Making it out of the ghetto
A young boy juggles a soccer ball on the streets of Abidjan as Anjali Nayar and a group of local residents look on.
Abidjan, Ivory Coast - This week I ventured into Abidjan's ghetto, a neighbourhood called Appecoube, to catch up with the Ivory Coast's (local) captain, Ali Badra Sangare.
When I first saw him he was leaning on the back of his car and talking on his mobile phone (it seems to be the preferred stance here - everywhere you go, people are draped over their cars). Badra was dressed in stylish jeans, a tight white tank top and a designer cap with an ostentatious green and red stripe down the front.
Ivorians like to be noticed
We cruised through the streets of Abidjan in his retro red BWM, weaving through the maze of joggers in soccer kit and the feminine white plastic Chinese sandals that are so popular here. Local Ivorian music called coupe-decale was blasting from the radio. For a taste of the music, check out the perennial song Bobaraba by DJ Mix and DJ Elo, which celebrates womens' curves.
"Ivorians like to be noticed," Badra quipped between lengthily phone conversations.
We detoured to pick up one of Ali's music producer friends. He dressed the part -- Pascal Elfazo had his tight black dress shirt buttoned down to reveal a sprawl of chest hair, shiny black patent pointy shoes and expertly-manicured facial hair.
For the next half hour they chatted while leaning on the back of Ali's car. They walked a few steps and then perched on another car. It makes sense, I guess, since even at dusk it's so hot here, a single step makes you sweat.
It was dark by the time we got to Badra's home in Appecoube. The alleyways were packed with drying laundry and women stirring pots of aromatic stews. Other women were scrubbing little naked children vigorously - the white suds contrasted with their little wet bodies.
Ali's father, Toumany Sangare, gushed about how proud he was of his son, and how he hoped his son would be selected for a team in Europe.
Anjali's trip across Africa
View Anjali Nayar - Destination: South Africa in a larger map
A crowd of children gathered round when Ali and I starting juggling a ball in the small square in front of his cramped cement apartment. There were cheers of surprise and congratulations every time I managed to hit the ball -- it's not easy in the dark!
Ali went from being a rowdy kid to having nice clothes, a car, and travelling around the world. He made it out of the ghetto. It's an inspiration to most of the kids here, because they know if they practice hard enough, they might get out too. A young barefoot boy of no more than 10 (one of Ali's supporters) joined our juggling game. He was better at it than we were -- once he grows another couple feet, he could be in line for the national side.
It's something I've often seen in Kenya with runners. Many kids in Kenya's rural areas have a running base because they run to and from school, often several kilometres a day. Then later in their teens or twenties they might meet or hear of someone in their village that has won a cow or prize money from a local race. Running shoes or not, babies strapped to their backs or not, they train in obscurity. A year or two later, they show up at a race and take home the crown. It happens every day.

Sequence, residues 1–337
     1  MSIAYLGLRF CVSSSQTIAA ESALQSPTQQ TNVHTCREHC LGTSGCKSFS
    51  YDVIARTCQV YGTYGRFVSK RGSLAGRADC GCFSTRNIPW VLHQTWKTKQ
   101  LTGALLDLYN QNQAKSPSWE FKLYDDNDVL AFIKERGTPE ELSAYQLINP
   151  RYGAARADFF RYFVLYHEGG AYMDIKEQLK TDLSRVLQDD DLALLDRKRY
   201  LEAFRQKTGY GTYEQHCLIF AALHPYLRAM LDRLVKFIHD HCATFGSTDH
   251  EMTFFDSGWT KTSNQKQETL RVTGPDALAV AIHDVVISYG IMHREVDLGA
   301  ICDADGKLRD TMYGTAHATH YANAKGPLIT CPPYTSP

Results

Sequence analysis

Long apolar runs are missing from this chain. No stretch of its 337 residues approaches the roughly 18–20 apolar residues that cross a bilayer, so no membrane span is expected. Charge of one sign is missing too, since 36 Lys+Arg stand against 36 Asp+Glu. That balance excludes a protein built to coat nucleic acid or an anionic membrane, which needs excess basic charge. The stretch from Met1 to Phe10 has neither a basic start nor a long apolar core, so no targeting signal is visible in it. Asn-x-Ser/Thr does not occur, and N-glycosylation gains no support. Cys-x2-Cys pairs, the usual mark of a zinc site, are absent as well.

Soccer a pathway to a better life
Here too in Ivory Coast, sport is one of the few ways someone without schooling and without social and political connections, you can make it out of the ghetto. If you are good enough, you will get picked up by a club or by a foreign agent.
Not all of these players' foreign experiences are positive. Many Africans leave home to toil in mediocre leagues in Europe and Asia. They never quite make it. Badra went to Thailand - it was an experience he doesn't like to talk about. He came back home. Next time, he hopes to make it to Europe, "Insha'Allah," he says, if it is God's will.
As the night dragged on, the kids in the neighbourhood got more rowdy. They started grabbing and pinching my skin; the little alleyway turned into a veritable mosh pit. (see picture above). "You have to sing," they shrieked in amusement. Mothers clamoured around trying to beat their children off me.
"Until next time!" the kids called out, lovingly hammering down the doors of the car I had slipped inside to escape. "Bye!"
In the darkness, I could just make out Ali leaning against the trunk of his red BMW.
Follow me on Twitter for more updates at www.twitter.com/anjalinayar.
Because of the transport strike in the country, I might have to be a bit creative in how I get to Ghana. I hope you'll stay tuned for the adventure.
Canadian journalist Anjali Nayar will travel across Africa by train, bus and foot (and when necessary by plane), and will arrive in South Africa just before the World Cup. Along the way, Anjali will tell the continent's stories through its favourite sport: soccer.
For the trip, Anjali will bring only the essentials on her back (camera, flip video, computer) and in her hand - a soccer ball. Every day, Anjali will play soccer, whether she's on the beaches of Accra or stuck in one of Lagos' impenetrable traffic jams. Sometimes she'll play with children in the sprawling slums and refugee camps, other times she'll play with adults in the rich diplomatic quarters of major cities.
Through her Destination: South Africa blog, Anjali hopes CBCSports.ca readers will discover Africa and what the World Cup and the game of soccer means to the continent.
About the Author
Anjali Nayar is a Canadian journalist based in Nairobi, Kenya. She's reported from the back-alleys of the African continent for the last four years for the CBC, Reuters and the BBC, covering everything from politics to the politics of sport. From training with Kenya's elite runners to cheering on Burundi's footballing president, Anjali uses sport to learn a little more about the world.